An eight-year study suggests talk of higher yields under a global warming scenario may be overly optimistic.
University of Illinois researchers grew soybeans in a carbon dioxide-rich atmosphere and they say their findings are worrisome. Under ideal growing conditions higher CO2 will boost plant growth, but an article in the journal Nature Plants suggests drought, which is also expected to increase, will more than offset those gains.
Lead researcher Andrew Leakey is warning yield losses could come much earlier than anticipated, even though initially they saw yield gains under good moisture conditions.
“But when the growing seasons were hot and dry, that pattern broke down,” Leakey said.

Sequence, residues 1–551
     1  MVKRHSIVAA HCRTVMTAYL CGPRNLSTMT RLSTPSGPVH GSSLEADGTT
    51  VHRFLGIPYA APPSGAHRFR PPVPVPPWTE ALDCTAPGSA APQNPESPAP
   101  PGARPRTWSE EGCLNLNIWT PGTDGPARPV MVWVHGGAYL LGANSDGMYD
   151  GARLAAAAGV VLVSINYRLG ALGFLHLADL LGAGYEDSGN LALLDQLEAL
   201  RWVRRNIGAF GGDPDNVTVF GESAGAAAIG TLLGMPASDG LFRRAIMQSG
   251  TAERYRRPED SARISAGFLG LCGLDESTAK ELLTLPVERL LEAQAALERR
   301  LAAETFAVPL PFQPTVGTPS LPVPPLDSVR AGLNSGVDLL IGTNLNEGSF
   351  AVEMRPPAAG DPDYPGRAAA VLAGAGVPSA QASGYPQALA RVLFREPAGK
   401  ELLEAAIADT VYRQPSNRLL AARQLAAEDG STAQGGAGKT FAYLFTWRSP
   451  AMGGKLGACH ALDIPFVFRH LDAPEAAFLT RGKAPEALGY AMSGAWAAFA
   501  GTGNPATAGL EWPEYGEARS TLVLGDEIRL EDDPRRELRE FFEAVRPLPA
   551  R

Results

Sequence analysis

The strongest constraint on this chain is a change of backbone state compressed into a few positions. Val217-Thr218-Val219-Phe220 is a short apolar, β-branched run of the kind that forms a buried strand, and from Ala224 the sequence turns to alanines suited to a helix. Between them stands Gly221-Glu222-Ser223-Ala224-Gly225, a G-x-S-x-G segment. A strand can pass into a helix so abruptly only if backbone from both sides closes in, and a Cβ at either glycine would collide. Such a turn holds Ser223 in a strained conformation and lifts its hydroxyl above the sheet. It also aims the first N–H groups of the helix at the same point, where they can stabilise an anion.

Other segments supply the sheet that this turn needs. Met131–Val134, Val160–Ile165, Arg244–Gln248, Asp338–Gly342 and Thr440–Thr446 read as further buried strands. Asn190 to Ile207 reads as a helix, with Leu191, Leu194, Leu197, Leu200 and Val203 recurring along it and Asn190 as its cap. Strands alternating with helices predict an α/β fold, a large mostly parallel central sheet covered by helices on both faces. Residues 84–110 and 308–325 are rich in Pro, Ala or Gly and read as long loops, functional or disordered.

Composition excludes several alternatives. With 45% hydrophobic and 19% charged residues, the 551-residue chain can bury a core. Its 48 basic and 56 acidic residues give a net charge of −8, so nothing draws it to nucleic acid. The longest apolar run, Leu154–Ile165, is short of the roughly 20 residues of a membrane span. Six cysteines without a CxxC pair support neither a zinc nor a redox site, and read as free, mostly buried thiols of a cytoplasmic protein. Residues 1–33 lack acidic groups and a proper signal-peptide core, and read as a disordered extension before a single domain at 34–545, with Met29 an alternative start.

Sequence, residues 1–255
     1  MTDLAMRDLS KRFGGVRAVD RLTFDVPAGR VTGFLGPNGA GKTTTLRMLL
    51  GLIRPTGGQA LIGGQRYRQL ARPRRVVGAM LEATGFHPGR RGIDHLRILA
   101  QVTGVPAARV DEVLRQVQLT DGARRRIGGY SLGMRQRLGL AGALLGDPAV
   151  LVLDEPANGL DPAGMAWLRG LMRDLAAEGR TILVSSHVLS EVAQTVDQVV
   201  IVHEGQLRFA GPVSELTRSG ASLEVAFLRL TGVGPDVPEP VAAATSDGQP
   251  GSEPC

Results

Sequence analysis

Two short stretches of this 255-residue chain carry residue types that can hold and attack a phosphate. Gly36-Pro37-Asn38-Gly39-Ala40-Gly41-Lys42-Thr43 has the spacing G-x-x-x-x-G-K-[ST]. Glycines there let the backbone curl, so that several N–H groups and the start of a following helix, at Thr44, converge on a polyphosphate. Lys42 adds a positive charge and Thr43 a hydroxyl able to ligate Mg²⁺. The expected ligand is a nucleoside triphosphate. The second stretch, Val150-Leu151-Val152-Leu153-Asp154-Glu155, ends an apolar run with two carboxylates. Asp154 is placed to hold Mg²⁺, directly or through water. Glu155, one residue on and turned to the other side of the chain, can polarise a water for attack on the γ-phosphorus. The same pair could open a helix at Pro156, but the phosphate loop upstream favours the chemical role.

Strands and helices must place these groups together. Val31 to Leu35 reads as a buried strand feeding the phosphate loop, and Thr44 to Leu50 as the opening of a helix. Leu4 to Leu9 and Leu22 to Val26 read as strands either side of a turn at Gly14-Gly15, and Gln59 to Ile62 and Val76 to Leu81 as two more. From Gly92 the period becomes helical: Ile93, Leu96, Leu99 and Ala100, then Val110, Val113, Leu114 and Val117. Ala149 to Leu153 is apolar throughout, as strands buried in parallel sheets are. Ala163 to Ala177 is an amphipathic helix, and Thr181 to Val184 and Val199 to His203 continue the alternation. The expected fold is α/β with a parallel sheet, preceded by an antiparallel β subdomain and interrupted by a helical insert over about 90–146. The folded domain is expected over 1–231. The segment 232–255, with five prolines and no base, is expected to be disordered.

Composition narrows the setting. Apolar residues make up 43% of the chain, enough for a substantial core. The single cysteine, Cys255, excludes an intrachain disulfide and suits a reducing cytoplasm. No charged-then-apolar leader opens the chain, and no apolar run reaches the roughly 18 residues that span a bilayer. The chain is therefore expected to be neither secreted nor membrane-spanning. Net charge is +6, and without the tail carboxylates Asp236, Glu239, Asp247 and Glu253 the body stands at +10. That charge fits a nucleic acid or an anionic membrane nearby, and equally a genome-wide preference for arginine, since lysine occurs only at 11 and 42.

Leakey and his colleagues relied on an unusual technology that enables them to simulate future climate conditions in actual farm fields. The Soybean Free Air Concentration Enrichment (SoyFACE) facility uses high-tech sensors to determine wind speed and direction, and a computer to regulate the release of gases to expose the crop plants to a given set of climate conditions.
Under hot and dry conditions at elevated CO2, the plants in the experiments used more, not less, water than those grown under current atmospheric conditions, the researchers found.
“What we think is happening is that early in the growing season, when the plant has enough water, it’s able to photosynthesize more as a result of the higher CO2 levels. It’s got more sugars to play with, it grows more, it creates all this extra leaf area,” Leakey said. “But when it gets dry, the plant has overextended itself, so later in the season it’s now using more water.”